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Scientific Ballooning

Scientific observation balloons have been used in space and earth observation as the only flight vehicle that can stay for extended periods in an altitudinal region higher than aircrafts reach and lower than satellites. Balloons play an important role in scientific observation and engineering experiments.

In Japan, the Sanriku Balloon Center (Sanriku-cho, Ohfunato City) has launched about 10 balloons annually, which adds up to more than 400 balloons since its foundation in 1971.

The Balloon Center moved to Taiki-cho, Hokkaido, in April 2008.

Balloons are used for scientific observation in many fields including cosmic-ray physics, infrared astronomy, high-energy space physics, upper-atmospheric physics and space biology. Engineering experiments on new space transportation and exploration technologies are also conducted using balloons.

Research and technical development of next-generation balloons are being carried out for future scientific-observation and space-engineering experiments.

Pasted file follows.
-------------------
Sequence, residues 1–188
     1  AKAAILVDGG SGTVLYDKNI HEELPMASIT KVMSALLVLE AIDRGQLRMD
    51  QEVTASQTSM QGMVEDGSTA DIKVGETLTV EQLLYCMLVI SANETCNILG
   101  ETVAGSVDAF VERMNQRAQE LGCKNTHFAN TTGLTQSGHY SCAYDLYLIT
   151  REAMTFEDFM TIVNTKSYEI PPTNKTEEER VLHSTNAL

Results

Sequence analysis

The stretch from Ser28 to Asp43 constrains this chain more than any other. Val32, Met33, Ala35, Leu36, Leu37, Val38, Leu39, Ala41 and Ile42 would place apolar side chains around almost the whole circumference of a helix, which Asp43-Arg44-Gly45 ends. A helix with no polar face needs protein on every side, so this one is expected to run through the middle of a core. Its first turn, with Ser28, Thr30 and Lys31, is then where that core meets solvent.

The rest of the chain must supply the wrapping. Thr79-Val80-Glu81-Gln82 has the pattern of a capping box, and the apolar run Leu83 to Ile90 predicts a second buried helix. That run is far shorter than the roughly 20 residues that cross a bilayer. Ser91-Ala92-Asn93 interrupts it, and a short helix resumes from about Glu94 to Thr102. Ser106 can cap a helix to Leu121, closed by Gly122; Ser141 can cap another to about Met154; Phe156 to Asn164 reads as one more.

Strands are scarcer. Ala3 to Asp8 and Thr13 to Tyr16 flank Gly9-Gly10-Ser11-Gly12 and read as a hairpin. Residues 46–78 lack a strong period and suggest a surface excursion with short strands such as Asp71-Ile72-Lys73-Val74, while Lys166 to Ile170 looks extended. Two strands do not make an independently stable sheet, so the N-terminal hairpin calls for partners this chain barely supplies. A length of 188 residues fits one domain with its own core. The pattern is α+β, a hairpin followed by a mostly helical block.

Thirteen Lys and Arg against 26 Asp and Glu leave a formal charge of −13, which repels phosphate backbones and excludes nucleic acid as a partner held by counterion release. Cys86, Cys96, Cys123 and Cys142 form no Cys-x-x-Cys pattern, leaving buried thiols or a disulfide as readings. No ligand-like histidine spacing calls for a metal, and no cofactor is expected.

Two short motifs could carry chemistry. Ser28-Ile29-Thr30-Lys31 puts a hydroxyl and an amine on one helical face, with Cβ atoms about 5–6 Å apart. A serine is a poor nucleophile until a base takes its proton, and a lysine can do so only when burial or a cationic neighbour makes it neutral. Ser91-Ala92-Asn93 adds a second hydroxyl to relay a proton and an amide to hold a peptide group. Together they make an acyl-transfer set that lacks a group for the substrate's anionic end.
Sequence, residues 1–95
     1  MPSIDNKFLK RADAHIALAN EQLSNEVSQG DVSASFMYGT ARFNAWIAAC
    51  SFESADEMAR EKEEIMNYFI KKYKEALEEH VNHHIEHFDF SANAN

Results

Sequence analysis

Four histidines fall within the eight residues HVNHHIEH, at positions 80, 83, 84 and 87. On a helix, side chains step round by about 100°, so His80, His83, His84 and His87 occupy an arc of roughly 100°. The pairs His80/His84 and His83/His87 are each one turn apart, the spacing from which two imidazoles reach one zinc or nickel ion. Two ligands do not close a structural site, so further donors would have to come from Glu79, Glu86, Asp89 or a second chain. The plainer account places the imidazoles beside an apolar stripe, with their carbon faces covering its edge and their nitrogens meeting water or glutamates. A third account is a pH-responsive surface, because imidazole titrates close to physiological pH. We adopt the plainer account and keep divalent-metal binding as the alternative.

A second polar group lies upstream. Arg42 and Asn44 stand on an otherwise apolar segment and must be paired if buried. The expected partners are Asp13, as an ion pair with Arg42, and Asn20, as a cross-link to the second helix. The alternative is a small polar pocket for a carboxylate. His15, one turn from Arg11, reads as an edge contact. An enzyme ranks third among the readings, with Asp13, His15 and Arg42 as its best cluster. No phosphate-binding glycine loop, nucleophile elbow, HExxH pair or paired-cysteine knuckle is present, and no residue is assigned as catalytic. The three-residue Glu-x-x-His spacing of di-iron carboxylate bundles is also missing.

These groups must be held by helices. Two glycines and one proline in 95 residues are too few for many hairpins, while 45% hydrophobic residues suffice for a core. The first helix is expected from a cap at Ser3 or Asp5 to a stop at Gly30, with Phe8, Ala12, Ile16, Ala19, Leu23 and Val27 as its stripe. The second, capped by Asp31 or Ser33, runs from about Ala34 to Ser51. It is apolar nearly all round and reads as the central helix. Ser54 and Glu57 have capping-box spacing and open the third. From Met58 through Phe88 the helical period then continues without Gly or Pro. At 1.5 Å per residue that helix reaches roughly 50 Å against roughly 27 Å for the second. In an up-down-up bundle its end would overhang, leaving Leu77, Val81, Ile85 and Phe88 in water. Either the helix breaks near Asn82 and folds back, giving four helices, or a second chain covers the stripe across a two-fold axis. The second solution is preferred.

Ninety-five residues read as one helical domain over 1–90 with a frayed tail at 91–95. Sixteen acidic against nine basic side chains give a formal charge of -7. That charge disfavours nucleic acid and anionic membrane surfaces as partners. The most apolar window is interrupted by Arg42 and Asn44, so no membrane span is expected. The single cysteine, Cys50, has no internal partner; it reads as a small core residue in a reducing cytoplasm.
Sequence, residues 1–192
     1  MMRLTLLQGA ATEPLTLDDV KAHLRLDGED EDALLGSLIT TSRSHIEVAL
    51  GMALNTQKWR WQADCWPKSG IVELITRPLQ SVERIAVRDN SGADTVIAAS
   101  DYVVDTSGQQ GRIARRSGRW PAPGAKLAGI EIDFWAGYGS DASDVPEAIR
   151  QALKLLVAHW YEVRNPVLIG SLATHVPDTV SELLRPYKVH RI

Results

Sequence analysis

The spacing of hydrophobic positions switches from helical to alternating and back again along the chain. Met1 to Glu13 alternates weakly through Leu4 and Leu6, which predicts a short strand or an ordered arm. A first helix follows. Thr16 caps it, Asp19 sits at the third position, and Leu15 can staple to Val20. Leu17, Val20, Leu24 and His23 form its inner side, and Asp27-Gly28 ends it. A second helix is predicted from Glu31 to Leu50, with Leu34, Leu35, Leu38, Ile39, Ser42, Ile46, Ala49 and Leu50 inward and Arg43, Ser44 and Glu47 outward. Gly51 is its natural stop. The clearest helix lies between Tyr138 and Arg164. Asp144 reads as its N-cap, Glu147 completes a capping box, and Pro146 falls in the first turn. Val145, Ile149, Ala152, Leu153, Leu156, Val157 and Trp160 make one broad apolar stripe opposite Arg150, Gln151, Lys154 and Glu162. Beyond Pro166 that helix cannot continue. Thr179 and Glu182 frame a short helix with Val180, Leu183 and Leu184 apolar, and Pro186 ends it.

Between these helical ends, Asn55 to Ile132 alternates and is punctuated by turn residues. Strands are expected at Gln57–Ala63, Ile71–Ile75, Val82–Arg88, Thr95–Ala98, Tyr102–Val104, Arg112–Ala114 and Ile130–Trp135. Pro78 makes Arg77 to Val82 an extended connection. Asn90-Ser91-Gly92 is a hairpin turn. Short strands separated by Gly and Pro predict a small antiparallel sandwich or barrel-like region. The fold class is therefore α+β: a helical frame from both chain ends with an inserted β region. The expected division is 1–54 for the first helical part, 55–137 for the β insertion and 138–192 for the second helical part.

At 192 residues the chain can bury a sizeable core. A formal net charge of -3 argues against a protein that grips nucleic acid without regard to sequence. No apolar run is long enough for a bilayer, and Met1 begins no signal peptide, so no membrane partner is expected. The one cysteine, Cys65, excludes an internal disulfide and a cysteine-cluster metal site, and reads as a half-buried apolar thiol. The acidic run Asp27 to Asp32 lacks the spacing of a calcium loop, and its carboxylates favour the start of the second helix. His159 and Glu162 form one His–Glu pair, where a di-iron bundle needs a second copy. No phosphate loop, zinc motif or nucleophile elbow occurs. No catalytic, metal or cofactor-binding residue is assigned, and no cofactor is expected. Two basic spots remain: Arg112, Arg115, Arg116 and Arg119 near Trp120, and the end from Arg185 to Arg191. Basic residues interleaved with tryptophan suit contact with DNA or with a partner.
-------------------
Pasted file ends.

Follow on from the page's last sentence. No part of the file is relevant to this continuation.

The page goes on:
Development of Balloons

New balloons are being developed to broaden the range of possibilities for balloon experiments. Development is focused on thin-film high-altitude balloons for higher altitude flights and super-pressure balloons for longer duration flights.

  • Development of Thin-film High-altitude Balloon
  • Development of Super-pressure Balloon

Recent Experiments (Domestic)

  • Astronomical observation by the hard X-ray polarimeter PHENEX
  • Exploration of celestial bodies in MeV-region gamma ray using the MeV wide-angle view gamma camera
  • Verification of the CALET prototype detector and observations of electron beams and gamma rays
  • Observation of stratospheric atmosphere by a cryogenic sampler
  • Observation of atmospheric trace elements by BSMILES
  • Observation of upper atmospheric lightning
  • Deployment test of solar sail films
  • Development of microgravity experiment instruments using high-altitude balloons
  • Study of soft reentry vehicle

Recent Experiments (Overseas)